Mikel Arteta: Minifig Maestro

In order to distract myself from the madness over Higuain—is he in London? Has he already had a physical? Why can’t I seem to remember how to spell his last name?—I thought I’d look back over the season to glean some satisfaction from the successes we did enjoy and hope to build on, Higuain or not. With that in mind, I thought I’d look past the hoopla over goals and victories to find elements that underpinned it all, and the one name I kept coming back to is Mikel Arteta. Say what you will about the emergence or development of players like Koscielny, Gibbs, Walcott, or Ramsey; gush over the exploits of Cazorla or Podolski; lament if you will the inconsistencies of Szczesny or Vermaelen. Quite simply, Arteta was very literally at the center of it all, orchestrating the entire team with simplicity and verve.

Like Ramsey, he’s had to adapt to the defensive midfield role, having played at Everton in a more attacking creator’s role (even as a forward at times), but he’s done so with aplomb. With a body-mass index of 19.1, on the low end of “normal” and verging on underweight (BMI>18.5), he’s hardly going to intimidate anyone or throw his weight around, he seems to more than make up for that with intelligence, timing, and footwork. Cazorla, his fellow Spaniard might draw more oohs and aahs, but the subtler pleasures Arteta offers are no less sublime.

Using statistics from whoscored.com, you’ll see on the chart that he leads the team in tackles and interceptions, as well as pass-accuracy and passes per game. Not shown but still worthy of notice is that he led the team with six yellow-cards, which might raise an eyebrow or two. However, a case could be made that many of these were tactical, bookings taken to break up an attack and to buy time to re-organize the defense. It’s a shame that these bookings harm his overall rating. In addition to his skill on the ball and his ability to set up the attack, then, his ability to disrupt counter-attacks sets him apart from many of his peers. He’s been compared at times to a metronome due to the steadiness with which he distributes passes, but I dislike the robotic regularity that this suggests. He’s third on the team with 5.3 long balls per game (surpassed only by keepers) and his passes average 17m in length, revealing an assertiveness and creativity that the term “metronome” doesn’t do justice.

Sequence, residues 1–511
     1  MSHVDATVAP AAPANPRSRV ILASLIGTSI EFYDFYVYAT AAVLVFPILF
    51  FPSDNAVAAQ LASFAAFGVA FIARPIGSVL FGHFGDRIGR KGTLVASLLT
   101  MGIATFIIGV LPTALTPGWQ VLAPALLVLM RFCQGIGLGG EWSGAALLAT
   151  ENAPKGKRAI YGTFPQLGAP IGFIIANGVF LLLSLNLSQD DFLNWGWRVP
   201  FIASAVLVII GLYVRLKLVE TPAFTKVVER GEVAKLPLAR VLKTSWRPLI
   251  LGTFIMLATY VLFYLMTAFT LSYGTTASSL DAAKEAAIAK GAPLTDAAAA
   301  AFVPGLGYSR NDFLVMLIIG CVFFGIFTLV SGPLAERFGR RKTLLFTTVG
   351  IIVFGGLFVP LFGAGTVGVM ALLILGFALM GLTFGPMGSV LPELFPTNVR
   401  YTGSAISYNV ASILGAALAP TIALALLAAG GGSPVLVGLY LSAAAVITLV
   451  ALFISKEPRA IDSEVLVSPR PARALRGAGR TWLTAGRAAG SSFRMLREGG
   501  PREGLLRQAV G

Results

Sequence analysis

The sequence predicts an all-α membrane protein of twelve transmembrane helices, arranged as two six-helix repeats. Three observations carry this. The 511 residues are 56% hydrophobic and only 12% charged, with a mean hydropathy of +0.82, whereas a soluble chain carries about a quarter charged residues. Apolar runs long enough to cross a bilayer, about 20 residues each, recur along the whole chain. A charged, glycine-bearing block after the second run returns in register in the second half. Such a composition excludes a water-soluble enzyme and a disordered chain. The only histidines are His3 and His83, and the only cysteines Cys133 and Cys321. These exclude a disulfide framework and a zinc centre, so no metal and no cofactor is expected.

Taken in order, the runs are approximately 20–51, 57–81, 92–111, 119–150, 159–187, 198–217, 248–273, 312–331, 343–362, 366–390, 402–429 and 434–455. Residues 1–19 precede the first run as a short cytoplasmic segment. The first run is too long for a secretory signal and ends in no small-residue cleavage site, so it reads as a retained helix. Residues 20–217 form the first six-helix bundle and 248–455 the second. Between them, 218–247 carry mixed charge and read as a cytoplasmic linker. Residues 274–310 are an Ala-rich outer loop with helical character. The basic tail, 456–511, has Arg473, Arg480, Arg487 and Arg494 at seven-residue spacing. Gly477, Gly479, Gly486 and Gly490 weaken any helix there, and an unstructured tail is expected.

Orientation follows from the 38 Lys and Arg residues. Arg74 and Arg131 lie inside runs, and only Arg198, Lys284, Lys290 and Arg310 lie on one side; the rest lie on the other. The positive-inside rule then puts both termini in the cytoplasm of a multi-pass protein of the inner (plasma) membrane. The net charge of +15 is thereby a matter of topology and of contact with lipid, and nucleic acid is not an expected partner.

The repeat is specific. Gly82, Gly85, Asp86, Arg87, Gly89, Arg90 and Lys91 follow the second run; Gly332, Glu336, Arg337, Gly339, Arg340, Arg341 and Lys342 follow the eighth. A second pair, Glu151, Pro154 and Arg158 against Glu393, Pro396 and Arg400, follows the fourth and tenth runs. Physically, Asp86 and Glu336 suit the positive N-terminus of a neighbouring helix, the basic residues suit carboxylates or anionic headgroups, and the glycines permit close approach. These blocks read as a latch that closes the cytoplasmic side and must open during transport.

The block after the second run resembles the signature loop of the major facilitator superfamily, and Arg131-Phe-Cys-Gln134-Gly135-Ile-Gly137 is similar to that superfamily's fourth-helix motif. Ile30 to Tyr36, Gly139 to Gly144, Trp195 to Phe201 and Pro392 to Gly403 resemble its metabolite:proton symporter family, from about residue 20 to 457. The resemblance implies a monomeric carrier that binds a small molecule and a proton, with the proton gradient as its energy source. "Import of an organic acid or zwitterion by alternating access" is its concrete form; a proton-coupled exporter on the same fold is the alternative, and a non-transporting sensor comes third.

When Alex Song left, we rightly worried that there would be a gap in the squad and no one to fill it. However, Arteta has emerged as a superior replacement, just as instrumental to our successes as to those who are putting the ball in the net, if not more so. He links defense to attack superbly and deserves recognition for helping to steady the defense and spearhead the offense. I might go so far as to say he’s the best in the Prem at what he does.

To revisit and further dispel the “metronome” concept, one uses a metronome when it’s hard to mark the rhythm. Arteta shows no signs of any such struggles. If anything, he is a maestro, setting the rhythm by which everyone else, opponents included, must play. Andante, allegretto, presto, whatever it may be, Arteta seems to sense the moment. To that, I tip my cap.

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